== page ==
During this trip Steven and Betty’s sons expressed their concerns about Betty. One of their sons, who was already living in Aptos, suggested that Steven and Betty move to California permanently. It took a few years, but in 2013 Steven and Betty sold their home in New York and moved to Aptos.
However, by January 2014 it was clear that Betty needed more help than Steven could provide. “We started using an in-home caregiver service,” said Steven. “It was the smartest thing I ever did. I will not take credit for it. I was pushed by my son and his wife.”
Betty had an in-home caregiver for four years until she could no longer manage the steps at her house. Eventually she moved to a small private facility that is seven minutes from their home.
“I see her every other day,” shared Steven. “Her blue eyes would just knock you off your feet. She currently has no speech, but I think the wheels in her head are still turning. I believe she recognizes me.”
Keeping Betty safe
Unfortunately, because of the pandemic, Steven has not been able to touch his wife since March 13, 2020. “I see Betty from a distance now every other day where we make eye contact.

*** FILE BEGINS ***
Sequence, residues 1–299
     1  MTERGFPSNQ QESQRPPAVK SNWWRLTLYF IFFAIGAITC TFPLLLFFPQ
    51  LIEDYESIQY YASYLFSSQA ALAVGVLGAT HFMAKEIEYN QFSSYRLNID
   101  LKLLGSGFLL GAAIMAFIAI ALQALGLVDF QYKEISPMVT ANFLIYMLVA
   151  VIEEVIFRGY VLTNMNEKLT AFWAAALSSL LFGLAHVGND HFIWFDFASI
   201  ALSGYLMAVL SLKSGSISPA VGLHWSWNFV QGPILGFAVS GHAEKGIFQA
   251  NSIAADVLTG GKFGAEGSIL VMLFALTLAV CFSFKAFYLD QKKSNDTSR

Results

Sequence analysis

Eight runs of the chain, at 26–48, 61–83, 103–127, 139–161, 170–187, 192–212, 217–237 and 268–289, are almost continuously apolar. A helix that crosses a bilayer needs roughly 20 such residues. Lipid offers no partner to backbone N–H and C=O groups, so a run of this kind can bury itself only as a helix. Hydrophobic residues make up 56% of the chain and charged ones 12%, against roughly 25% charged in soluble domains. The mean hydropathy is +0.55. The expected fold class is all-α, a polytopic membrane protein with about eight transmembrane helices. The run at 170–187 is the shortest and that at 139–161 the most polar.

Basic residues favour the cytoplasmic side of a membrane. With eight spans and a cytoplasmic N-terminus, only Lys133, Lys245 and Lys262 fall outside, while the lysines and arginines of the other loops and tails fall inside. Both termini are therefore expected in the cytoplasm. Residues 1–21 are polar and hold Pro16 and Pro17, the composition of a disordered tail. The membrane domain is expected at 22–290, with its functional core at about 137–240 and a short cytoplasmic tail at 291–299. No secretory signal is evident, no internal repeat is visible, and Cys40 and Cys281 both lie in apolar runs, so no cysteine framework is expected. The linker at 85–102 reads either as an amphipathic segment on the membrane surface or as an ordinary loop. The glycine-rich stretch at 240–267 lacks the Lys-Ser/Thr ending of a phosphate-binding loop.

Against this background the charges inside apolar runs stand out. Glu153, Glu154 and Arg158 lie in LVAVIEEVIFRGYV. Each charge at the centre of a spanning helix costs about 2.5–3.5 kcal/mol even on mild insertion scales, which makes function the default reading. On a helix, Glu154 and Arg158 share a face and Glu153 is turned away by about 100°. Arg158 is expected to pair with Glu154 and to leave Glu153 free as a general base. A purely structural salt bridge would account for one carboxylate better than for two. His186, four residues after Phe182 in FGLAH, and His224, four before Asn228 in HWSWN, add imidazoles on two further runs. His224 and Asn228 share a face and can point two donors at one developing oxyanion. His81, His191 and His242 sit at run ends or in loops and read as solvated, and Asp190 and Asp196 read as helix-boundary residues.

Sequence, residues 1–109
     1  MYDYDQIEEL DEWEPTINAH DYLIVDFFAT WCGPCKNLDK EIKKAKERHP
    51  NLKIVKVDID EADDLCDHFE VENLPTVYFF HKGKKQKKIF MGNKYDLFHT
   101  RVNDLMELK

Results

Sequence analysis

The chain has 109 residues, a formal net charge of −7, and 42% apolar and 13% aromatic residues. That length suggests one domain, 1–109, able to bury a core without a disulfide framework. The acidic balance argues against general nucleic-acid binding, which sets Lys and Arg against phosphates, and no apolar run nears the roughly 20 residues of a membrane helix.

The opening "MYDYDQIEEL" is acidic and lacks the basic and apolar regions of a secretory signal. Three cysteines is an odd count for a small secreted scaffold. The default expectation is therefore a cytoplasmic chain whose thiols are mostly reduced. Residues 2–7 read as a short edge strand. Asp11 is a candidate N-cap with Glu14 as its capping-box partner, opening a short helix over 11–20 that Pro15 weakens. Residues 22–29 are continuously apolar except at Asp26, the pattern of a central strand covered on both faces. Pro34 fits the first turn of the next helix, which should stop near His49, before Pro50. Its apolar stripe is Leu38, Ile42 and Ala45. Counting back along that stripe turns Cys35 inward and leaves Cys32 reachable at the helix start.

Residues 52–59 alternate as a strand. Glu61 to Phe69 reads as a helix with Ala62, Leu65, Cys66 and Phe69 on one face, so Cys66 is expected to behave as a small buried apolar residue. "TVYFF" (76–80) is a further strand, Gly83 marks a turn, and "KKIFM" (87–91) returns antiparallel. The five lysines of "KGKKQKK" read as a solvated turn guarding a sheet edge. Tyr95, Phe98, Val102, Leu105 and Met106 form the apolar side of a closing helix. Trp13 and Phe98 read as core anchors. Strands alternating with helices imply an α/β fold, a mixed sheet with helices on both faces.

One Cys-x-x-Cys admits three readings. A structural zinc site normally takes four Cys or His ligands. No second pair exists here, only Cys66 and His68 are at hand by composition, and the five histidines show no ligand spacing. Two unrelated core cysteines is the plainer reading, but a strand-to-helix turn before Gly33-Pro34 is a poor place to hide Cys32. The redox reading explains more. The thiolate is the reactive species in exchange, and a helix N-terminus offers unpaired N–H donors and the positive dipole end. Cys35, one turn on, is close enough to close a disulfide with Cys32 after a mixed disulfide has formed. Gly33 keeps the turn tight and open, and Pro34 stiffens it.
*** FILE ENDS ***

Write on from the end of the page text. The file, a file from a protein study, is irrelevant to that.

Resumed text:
“I’m here in a situation with a wife who can no longer speak and now we’ve lost the tactile aspect of our relationship as well. It feels like my wife is stuck in a room and I can’t touch her. It’s impossible.”
Steven continues to see Betty from six feet away. While he would love to be able to touch his wife, he knows their separation is for Betty’s own safety.
Since moving to California, Steven has been regularly attending an Alzheimer’s Association® support group. He encourages people to be grateful for the time they have now.
“When I hear a caregiver say something about having difficulty with communications, I usually break in.” said Steven. “I ask them to do me a favor and be thankful for what is in front of them now. It could be like Betty where there is little to no communication.”
Originally encouraged to attend by his son, Steven has become a self-proclaimed poster boy for the Alzheimer’s Association. “You can’t make demands. It’s a tough road and it’s every day. To see someone degrade the way I saw Betty degrade, all you can offer is care and love.”
For more information on our virtual support groups visit our website or call our 24/7 Helpline at 800.272.3900.